Uzbek officials and foreign guests issued a clear message on Monday (19 November) that developing tourism has become a major priority for Uzbekistan, a landlocked country in Central Asia with great landscapes and a very rich historical heritage.
A two-day International Investment Forum in Tourism opened in Tashkent on Monday, with business representatives from 48 countries and 30 international media outlets.
The forum, first of its kind, brings together the international business community with government leaders and representatives of the country’s 12 regions, with many projects on offer, from roads or railroads to hotels and amusement parks. (A new post has been created in all regions, with a deputy governor responsible for developing tourism.)
The forum is yet another illustration of the country’s efforts to open up in the last two years, since Shavkat Mirziyoyev took over as president after the death of autocratic leader Islam Karimov.
Uzbekistan and Lichtenstein are the only two double-landlocked countries in the world, bordered as they are by landlocked countries.
Perhaps for these reasons, Uzbekistan has recently put a strong emphasis on developing its air fleet, in part by acquiring Boeing’s Dreamliner long-haul aircraft, and high-speed train connections, including to Samarkand, an ancient city that is on UNESCO’s World Heritage List.
— Arnaud Sonnet (@ArnaudSonnet) November 19, 2018
Unlike neighbour Kazakhstan, Uzbekistan is not so rich in natural resources. Agriculture, notably cotton production, has long been a leading sector in the economy. In this context, developing tourism appears to be a major national priority.
Hospitality and security is an asset Uzbekistan is obviously trying to leverage. Expatriates told EURACTIV they were feeling absolutely secure everywhere in the country, including in bars and nightclubs. They also praised Uzbek society, where Islam is the predominant religion, for being open-minded and tolerant to other cultures.
In the last two years, the country took many steps to make it easier for visitors to come. The visa requirement for nationals of 18 countries was lifted (the only EU country on this list is France), and the issuing of visas for foreigners was greatly simplified, with well-functioning online facilities.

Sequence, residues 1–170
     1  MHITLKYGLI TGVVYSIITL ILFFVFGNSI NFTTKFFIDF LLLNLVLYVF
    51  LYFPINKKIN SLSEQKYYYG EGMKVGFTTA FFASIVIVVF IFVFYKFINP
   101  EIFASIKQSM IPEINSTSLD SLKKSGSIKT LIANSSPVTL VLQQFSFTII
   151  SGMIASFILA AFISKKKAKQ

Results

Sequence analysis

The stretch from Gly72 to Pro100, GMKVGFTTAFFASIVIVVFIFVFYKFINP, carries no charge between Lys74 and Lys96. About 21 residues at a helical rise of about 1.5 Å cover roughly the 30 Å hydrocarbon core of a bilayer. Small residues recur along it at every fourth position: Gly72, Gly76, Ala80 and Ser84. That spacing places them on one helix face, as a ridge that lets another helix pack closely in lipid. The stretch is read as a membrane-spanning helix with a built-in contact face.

As Deputy Prime Minister Aziz Abdukhakimov announced, as a result of the hard work, the number of visitors to the country doubled in 2018 to reach 5.1 million. He said that local authorities had 500 investment projects on offer which benefitted from easier procedures for acquiring plots of land and simplified procedures in terms of red tape.
Abdukhakimov stressed that foreign investors had “unprecedented opportunities” to become pioneers in discovering a “hidden gem” and take part in a boom of “unprecedented dimensions and ambition”, with an expected double-digit growth in years to come.
It was a great honor to discuss Uzbekistan's ambitions to become a major touristic destination with Deputy Prime Minister Aziz Abdukharimov pic.twitter.com/tW5XEcVHYF
— Georgi Gotev (@GeorgiGotev) November 19, 2018
Alkis Drakinos, the head of the EBRD office in Uzbekistan, praised the country for being one of the safest in the world, having “fantastic monuments”, “fascinating cuisine”, good prices, a kind population and good weather (300 days of sunshine per year), allowing tourism around the year. “This is the right time to visit Uzbekistan”, he said.
Drakinos said the EBRD experience in Uzbekistan started when Mirziyoyev became president in 2016 and the country opened both to its neighbours and foreign investors. He praised the “very successful currency liberalisation”, trade liberalization, the simplified regulations, the introduction of the office of a business ombudsman and of e-governance, more connectivity, all reforms remarkably “happening at the same time”.
EBRD is one of the largest investors in Central Asia, Drakinos said, having invested more than $11 billion in the last 25 years.
EBRD is proud of having started in Uzbekistan the “Cultural Heritage Framework”, a $300 million investment in technical assistance, to advise local authorities on cultural heritage preservation, for preserving and maintaining sites such as Samarkand, Bukhara and Khiva, and develop the necessary tourism infrastructure.
“[Since 2016] reforms have been happening, we are here to support you”, he told the audience.
Taleb Rifai, representing the International Institute for Peace through Tourism, lauded Uzbekistan’s rich cultural heritage.
“Just close your eyes and imagine this country, which was the world’s Silicon Valley 800 years ago,” Rifai said. Among other historic personalities, he mentioned the name of Ulugh Beg, a local ruler and astronomer who, in his words, identified one-third of the stars known in modern times.